Iridescent silver body cladding in psychedelic swirled patterns, riotous shots of fluo pink and green: India`s Manish Arora gave the Paris fashion crowd a rainbow-coloured shot in the arm on Thursday.
The Indian designer, who next week unveils his first collection for Paco Rabanne as the house returns to the fashion fray after a five-year absence, told AFP beforehand he wanted his own Spring-Summer look to be "crazy but believable."
Rossy de Palma, the strong-featured Spanish actress beloved of Pedro Almodovar, opened the show with a bang, strutting up to the cameras in a shiny metallic dress, cut well above the knee with high dominatrix collar and bare tattooed arms.
Shaking her shoulders suggestively, she ordered the row of models who followed her in to take seats at a line of bar tables, each laid with a different type of mock tea set in coppery gold, from English crockery to Russian samovar.
Arora, who is known for a highly ornamental style and eye-popping palette, said this time round he aimed for something a little quieter.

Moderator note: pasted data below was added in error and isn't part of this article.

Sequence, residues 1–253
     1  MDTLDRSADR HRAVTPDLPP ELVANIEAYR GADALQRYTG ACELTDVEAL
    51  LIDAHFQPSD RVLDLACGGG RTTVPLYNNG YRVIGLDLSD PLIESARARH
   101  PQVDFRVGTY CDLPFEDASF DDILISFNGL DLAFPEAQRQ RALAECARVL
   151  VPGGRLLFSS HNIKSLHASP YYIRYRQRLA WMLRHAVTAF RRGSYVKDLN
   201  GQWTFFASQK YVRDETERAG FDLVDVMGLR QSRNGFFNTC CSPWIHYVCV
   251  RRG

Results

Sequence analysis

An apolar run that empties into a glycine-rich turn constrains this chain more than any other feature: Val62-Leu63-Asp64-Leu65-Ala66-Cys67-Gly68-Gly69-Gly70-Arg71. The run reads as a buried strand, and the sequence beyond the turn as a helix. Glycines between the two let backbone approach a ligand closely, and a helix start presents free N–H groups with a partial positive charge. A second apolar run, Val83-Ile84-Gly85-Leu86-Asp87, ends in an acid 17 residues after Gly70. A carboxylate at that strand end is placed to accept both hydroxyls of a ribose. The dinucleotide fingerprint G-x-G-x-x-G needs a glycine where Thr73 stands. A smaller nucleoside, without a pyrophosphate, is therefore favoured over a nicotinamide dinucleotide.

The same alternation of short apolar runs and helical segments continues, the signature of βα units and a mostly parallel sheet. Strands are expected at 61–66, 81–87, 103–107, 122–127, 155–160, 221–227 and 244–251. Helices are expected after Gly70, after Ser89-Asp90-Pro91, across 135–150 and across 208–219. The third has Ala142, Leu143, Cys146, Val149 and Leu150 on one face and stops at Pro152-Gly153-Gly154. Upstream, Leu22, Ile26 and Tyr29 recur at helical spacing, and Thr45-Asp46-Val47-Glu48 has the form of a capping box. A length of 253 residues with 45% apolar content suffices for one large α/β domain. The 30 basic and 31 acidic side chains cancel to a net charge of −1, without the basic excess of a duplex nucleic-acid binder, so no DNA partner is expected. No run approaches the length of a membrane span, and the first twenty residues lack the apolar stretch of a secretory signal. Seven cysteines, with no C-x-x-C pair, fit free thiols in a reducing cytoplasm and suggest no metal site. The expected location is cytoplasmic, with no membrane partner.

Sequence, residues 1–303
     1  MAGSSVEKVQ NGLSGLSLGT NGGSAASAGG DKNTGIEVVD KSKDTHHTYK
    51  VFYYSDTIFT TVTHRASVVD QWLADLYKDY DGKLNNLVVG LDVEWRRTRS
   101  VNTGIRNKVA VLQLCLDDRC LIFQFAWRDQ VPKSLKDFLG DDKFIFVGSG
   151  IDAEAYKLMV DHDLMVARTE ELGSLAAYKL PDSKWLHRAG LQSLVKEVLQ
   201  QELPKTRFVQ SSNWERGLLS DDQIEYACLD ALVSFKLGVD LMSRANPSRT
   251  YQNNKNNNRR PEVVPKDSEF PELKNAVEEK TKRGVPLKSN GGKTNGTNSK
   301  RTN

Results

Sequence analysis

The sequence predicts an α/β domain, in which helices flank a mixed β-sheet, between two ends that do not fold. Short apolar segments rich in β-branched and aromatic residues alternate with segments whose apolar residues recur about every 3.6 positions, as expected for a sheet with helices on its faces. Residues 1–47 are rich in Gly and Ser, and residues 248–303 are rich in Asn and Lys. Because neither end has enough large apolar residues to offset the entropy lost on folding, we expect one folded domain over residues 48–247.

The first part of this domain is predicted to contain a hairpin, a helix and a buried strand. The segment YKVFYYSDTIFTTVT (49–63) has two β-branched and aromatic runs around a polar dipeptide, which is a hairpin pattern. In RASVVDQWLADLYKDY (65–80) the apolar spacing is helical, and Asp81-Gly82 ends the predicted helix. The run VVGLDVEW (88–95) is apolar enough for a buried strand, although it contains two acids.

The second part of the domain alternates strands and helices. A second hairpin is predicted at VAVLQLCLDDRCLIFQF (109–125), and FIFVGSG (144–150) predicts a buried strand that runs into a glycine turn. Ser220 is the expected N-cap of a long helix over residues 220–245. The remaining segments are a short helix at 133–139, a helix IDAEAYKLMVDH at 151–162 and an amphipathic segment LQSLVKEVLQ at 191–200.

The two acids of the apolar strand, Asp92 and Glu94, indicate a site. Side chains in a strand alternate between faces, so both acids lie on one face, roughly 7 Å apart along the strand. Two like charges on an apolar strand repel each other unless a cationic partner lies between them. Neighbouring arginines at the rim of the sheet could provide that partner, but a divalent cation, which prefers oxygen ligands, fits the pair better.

"I`m keeping the crazy but it`s a lot more believable," he told media.
His chief inspiration, he said, was the colour of skin, using sheer fabrics and the bodies of his models to reveal a human rainbow of blacks, browns and whites.
But the translucent, nude silks -- whether leggings, skirts of sleeveless tops -- were anything but simple: overlaid with silver cladding or encrusted with thick layers of sequins or pins that rustled like sea shells as the models walked.
A foot-sweeping skirt with a metallic chainmail effect clinked and glittered green as if lit from within.
Fluo pink and green also popped up on ostrich feathers at sleeves and necklines, as well as on ankle-hugging spiky stiletto boots, which sometimes climbed to form one piece with a trouser leg.
One model stepped out wearing a black birdcage-like bustier, with tropical green birds perched on top it, over skin-tight bright green jeans.
Arora also drew on hippie culture, with Robert Altman shots of ecstatic music festival crowds, their hands in the air, reproduced on floor-sweeping skirts or A-line capes, either printed or hand-stitched from hundreds of pieces.